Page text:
If you haven’t yet heard of Magento, you ought to check it out. For the past couple years, I have been using Zen Cart and I’ve done one installation of X-Cart. While these shopping carts work fairly well, the overall design and feel of these platforms is becoming quite out-dated.
Magento was first announced in April, 2007 as a new open-source ecommerce solution. Version 1.0 was launched in late March, 2008 and it is currently on version 1.1.4 (with 1.1.5 release later this month).
I have been using it ever since the release of 1.0. A warning to the php-dabblers: Magento is extremely complex and utilizes OOP PHP practices, and heavily utilizes the Zend Framework. It isn’t built for the average Joe. Skinning this beast requires a lot of effort in figuring out how Magento uses it’s layout XML files, and template PHTML files. While this is a warning for those who are not very comfortable with PHP, to those of you out there that are sick of the open-source ecommerce plague of ugly code in platforms such as Zen Cart, you will be very pleased with the Magento framework. It is extremely well thought out, and some say that it’s possibly TOO well thought out.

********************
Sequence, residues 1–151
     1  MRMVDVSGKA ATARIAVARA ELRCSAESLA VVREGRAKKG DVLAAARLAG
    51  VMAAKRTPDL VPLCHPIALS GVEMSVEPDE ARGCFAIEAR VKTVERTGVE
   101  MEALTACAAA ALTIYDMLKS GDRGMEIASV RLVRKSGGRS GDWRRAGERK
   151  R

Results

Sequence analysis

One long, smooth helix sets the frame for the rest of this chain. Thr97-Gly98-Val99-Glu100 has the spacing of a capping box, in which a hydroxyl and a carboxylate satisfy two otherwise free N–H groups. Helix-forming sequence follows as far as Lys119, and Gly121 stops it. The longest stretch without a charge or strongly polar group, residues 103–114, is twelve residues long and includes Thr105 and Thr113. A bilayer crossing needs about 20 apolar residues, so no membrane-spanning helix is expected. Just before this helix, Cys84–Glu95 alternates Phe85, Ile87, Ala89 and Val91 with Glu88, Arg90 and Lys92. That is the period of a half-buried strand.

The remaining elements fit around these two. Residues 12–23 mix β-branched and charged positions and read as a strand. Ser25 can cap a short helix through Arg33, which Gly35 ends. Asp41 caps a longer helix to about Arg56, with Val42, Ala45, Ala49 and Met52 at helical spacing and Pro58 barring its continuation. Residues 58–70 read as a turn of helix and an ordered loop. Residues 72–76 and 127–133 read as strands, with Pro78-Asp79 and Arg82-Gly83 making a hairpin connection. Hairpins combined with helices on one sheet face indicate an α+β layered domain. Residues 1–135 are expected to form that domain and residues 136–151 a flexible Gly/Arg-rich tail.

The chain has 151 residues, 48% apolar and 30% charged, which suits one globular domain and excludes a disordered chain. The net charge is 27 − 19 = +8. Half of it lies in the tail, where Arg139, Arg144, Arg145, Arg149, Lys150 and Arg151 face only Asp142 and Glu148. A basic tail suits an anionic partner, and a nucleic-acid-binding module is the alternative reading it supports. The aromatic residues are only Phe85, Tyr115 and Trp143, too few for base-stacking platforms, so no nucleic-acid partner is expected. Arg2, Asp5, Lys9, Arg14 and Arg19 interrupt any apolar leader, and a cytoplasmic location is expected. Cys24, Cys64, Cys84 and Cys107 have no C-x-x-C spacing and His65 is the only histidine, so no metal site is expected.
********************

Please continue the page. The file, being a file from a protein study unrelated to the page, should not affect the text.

The default template that comes with Magento looks beautiful. You can even download or purchase other themes from the Magento Connect site, or create your own.
The admin side of Magento will make an existing Zen Cart user drool instantly. I won’t even go into all the features that I love about it here, you just need to check it out for yourself!
It is a bit daunting when you install Magento and see that there are over 6,000 files. That’s a lot of files. You’ll soon find out that you won’t have to touch most of them. If you want to add functionality to Magento, it is built in such a way that you can create modules that add to the core code so that you don’t have to mess with any of the core code, thus making upgrading Magento much easier. Templates are created in modular form as well. You won’t have to overwrite anything that you haven’t created yourself.
I will say, the documentation for Magento stinks at this point. Much of it either doesn’t exist or is out-dated. Unless it’s a simple problem, the IRC channel (#magento on freenode) usually won’t help you. And, you’ll often find a few posts in the forum regarding the same problem you are having but none with solutions. Hopefully this is an area that Magento will improve upon very soon.
I do absolutely recommend using Magento. The learning curve is steep, but it’s worth it. If you have any questions, please leave a comment. I’ll try to answer any questions that I know the answer to, or point you in the right direction.